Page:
“Schooling up and laying the correct groundwork for your indoor jungle is the best way to create a sustainable and ultimately rewarding plant-filled space,” write Lauren Camilleri and Sophia Kaplan, owners of Sydney plant-delivery company Leaf Supply. “Knowing exactly what plants need to survive, as well as what conditions they will receive in your interior, will allow you to make informed decisions about the style of jungle that is best suited to you.”

Here are some extracts from their second book, Indoor Jungle, to help get you started.

Analysing your space
When it comes to creating an indoor jungle, well before you hit the nurseries and plant shops, it’s really important to understand the space you’re dealing with. To give plants the best chance to survive you need to be realistic about the conditions you’re able to provide. When bringing plants into our spaces, we’re looking to mimic as closely as possible the conditions they receive in their natural environment. At the top of the list of considerations is the level and type of light on offer, but that’s closely followed by water and soil as well as temperature, humidity and fertiliser.

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Spend time throughout your day watching the sun as it moves across the sky and peeks through different windows. Where does the light reach? Do certain rooms get extra hot in the afternoon sun? Do these patterns change in the cooler months? Do you have air conditioning or heaters? Or a strong draught down particular corridors? Keep all of this in mind when you’re considering where to place your plants.

From here you can look more closely at which areas you’d like to fill. Is there an empty corner that could be brought to life? A shelf or bookcase that could benefit from trailing plants? A windowsill that’s screaming out for some plant love?

Finding inspiration
There’s no shortage of places to find green inspiration when searching for ideas to create your own indoor jungle. We’re stickybeaks from way back and love nothing more than peeking inside the spaces of amazingly creative plant people to swoon over how they’ve incorporated plants into their stylish spaces. Chatting to the people who inhabit these lush interiors about how they’ve built their jungles, where they get their love of plants, and – most importantly – why they love living surrounded by them provides invaluable insight.

This is without a doubt the most important place to start when it comes to talking about plant health, because above all else plants need light to survive. It is integral to the process of photosynthesis, in which plants create their own fuel by using light energy to convert carbon dioxide and water into glucose and oxygen.

A sunny windowsill will provide the most intense light and will be best suited to sun-worshipping cacti and succulents. Direct sun coming in through a window will generally be too intense for some indoor foliage, and so placement close to but not directly exposed to the rays is best. The further you get from a light source, the lower the quality and quantity the light gets. Plants sitting on the opposite side of the room to the light source with no direct view to the sky will generally be experiencing what we would consider low-light conditions.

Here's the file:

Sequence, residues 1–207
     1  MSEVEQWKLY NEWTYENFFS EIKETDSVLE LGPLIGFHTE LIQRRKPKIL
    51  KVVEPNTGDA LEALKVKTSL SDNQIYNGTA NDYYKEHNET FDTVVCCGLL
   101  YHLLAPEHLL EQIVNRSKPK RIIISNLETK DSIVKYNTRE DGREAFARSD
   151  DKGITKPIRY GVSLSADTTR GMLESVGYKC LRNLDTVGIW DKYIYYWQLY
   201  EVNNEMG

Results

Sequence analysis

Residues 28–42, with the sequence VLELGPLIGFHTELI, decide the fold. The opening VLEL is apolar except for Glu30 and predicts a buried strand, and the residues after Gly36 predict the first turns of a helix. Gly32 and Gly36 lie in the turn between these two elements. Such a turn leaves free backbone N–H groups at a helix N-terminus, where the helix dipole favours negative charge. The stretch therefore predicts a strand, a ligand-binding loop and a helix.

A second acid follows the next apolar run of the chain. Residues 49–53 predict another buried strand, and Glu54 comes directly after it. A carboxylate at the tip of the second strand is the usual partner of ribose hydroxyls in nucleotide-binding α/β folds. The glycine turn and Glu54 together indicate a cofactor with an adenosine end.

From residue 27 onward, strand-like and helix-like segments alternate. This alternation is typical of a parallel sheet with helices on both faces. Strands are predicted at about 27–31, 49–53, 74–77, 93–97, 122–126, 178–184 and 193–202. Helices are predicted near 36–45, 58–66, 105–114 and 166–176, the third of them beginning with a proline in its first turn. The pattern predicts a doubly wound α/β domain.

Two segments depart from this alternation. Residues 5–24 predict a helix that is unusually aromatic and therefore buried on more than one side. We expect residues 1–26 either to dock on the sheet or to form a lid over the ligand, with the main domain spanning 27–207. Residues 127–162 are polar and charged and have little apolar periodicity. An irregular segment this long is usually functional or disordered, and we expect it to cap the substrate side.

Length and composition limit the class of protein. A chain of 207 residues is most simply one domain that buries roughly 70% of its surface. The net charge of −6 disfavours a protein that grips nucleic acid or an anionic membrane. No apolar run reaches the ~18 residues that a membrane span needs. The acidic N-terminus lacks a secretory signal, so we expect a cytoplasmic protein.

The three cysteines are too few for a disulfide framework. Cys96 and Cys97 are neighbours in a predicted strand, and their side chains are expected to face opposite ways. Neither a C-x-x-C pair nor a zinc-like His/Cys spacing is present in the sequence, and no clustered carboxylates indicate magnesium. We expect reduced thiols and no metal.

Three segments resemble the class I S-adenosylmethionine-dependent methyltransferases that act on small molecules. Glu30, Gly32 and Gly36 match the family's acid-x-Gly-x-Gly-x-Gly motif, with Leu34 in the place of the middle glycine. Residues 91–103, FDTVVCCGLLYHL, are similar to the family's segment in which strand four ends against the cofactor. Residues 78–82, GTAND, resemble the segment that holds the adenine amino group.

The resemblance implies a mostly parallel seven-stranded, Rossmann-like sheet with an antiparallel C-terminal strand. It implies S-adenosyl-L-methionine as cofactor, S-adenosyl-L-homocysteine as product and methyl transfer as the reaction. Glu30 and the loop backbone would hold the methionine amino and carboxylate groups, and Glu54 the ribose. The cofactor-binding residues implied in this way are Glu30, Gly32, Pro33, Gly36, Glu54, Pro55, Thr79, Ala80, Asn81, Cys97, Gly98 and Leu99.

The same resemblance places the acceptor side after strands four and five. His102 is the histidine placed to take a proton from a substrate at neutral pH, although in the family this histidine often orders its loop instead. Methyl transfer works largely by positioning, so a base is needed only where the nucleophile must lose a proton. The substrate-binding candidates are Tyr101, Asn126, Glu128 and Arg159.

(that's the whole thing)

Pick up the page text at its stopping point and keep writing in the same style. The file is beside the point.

Light will differ throughout the course of a day and as the seasons change. In winter and autumn, the sun sits lower in the sky and plants that were receiving adequate light in summer and spring can start to suffer. Be sure to stay on top of this changing light situation and adjust the position of plants throughout the year. You may need to shift certain plants closer to light sources or sit them higher up on furniture or plant stands during the cooler, darker months.

The absolute best way to test the moisture level of your plants is to simply dip your finger a few inches into the soil and feel how much has dried out. Do this every few days until you begin to understand its needs. Most (not all) tropical indoor plants like the first couple of centimetres of soil to have dried out before watering again. Always check the specific water requirements your plant needs, and then be sure to adjust them according to the seasons (less in winter when the soil is likely to dry out less quickly and plants tend to go through more dormant growing periods).

If you’re not feeling super confident about your moisture-sensing abilities, or have plants in awkward-to-reach places, a water meter will be your friend. Simply insert the prong into the soil and it will give you a clear reading of moisture levels, which you can then use to decide whether your plant is thirsty or not.

Indoor Jungle provides more details about soil, temperature, humidity and fertiliser, and ways to find your own plant style. We go room-by-room to see how plants can feature throughout the home and workspace in the most effective and practical ways, and profile 14 incredible plant-filled spaces from around the globe for endless plant inspiration.

Indoor Jungle by Lauren Camilleri and Sophia Kaplan is published by Smith Street Books ($49.99).